NASA's new direction includes developing the technology to launch ambitious missions to the moon, Mars and even asteroids. Now NASA administrator Charles Bolden has come up with marching orders and specific costs for the U.S. space agency's different centers, according to the New York Times.
The Flagship Technology Demonstrations effort will cost $6 billion over the next five years, and be centered at the Johnson Space Center (JSC) in Houston. Its flagship technologies include orbital fuel depots that could top off rockets or spacecraft for longer-range missions. NASA also wants to figure out how to use planetary atmospheres rather than braking rockets to land spacecraft safely. JSC would handle that, along with development of inflatable space stations.
Another $5.8 billion would go the Kennedy Space Center in Florida for developing a commercial program to ferry cargo and crew up to the International Space Station. The space station's life would extend until at least 2020, or five years beyond its current expiration date.The Stennis Space Center in Mississippi and the Marshall Space Flight Center in Alabama would develop heavy-lift rocket propulsion under a $3.1 billion program, SPACE.com reports.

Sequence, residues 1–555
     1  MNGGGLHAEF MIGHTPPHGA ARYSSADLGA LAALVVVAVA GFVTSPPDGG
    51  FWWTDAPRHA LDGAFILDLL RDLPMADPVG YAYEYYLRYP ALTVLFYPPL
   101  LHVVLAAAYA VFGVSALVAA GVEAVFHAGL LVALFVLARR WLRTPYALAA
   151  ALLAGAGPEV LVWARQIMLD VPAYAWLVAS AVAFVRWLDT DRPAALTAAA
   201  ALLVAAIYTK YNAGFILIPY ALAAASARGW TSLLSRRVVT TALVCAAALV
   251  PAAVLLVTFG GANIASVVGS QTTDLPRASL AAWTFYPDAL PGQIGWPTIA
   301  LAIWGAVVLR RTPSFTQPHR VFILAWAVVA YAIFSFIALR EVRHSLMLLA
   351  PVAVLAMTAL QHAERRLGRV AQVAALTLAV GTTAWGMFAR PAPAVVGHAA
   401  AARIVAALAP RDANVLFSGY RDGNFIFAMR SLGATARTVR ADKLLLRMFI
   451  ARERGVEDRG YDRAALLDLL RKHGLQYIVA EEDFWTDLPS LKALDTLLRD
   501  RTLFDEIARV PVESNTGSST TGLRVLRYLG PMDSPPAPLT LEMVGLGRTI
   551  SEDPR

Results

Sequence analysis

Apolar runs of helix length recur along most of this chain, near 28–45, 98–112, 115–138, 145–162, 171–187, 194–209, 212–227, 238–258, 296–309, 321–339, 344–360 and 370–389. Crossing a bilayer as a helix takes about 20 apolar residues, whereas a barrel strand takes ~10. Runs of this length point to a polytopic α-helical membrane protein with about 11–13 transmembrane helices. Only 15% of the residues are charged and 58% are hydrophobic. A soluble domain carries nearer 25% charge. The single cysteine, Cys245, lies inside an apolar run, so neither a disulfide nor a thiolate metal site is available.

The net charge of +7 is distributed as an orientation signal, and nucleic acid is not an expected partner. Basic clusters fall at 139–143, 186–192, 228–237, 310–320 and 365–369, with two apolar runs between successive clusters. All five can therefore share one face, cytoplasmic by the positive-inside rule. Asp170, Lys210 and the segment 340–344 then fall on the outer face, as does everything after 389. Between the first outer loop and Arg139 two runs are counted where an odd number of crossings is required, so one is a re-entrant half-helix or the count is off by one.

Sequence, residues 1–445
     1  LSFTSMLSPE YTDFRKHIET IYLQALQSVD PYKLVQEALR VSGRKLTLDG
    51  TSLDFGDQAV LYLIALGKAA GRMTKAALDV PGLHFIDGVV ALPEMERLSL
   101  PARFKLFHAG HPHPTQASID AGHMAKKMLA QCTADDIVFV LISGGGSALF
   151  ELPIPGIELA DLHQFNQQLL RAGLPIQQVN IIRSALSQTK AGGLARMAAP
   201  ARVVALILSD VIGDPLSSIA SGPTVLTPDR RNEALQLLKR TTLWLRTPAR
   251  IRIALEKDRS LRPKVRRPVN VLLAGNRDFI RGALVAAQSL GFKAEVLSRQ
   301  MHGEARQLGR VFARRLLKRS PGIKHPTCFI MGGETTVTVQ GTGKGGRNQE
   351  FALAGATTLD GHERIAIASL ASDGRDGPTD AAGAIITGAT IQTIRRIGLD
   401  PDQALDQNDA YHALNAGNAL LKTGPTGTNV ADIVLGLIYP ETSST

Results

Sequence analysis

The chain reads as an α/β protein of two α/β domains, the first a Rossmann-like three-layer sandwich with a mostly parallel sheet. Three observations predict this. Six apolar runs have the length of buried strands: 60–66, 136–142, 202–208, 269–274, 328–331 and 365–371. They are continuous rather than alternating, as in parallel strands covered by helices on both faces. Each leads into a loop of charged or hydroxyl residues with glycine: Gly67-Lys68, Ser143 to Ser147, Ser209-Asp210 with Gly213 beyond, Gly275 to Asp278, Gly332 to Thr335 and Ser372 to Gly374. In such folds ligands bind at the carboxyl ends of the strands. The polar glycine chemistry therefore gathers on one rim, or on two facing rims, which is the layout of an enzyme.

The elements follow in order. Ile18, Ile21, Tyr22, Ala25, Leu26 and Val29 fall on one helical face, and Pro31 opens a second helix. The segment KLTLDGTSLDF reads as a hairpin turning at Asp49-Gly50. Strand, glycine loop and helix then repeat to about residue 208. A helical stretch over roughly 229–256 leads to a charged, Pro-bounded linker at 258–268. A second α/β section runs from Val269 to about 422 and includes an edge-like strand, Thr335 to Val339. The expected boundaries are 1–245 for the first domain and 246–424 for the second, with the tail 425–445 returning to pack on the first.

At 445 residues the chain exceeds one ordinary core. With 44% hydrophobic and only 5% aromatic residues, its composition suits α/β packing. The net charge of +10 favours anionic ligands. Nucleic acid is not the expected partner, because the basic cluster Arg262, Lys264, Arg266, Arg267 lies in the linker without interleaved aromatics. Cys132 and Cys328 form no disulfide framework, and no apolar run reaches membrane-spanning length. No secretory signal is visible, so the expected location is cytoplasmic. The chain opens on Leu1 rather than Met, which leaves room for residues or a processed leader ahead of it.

NASA hopes that commercial spaceflight providers can take over the launches aimed at the space station and low-Earth orbit, so that it can focus its expanded budget on the fundamental technology drivers necessary to push space exploration to infinity and beyond … or at least beyond the 1970s. Now we just have to see if Congress approves.
Five amazing, clean technologies that will set us free, in this month's energy-focused issue. Also: how to build a better bomb detector, the robotic toys that are raising your children, a human catapult, the world's smallest arcade, and much more.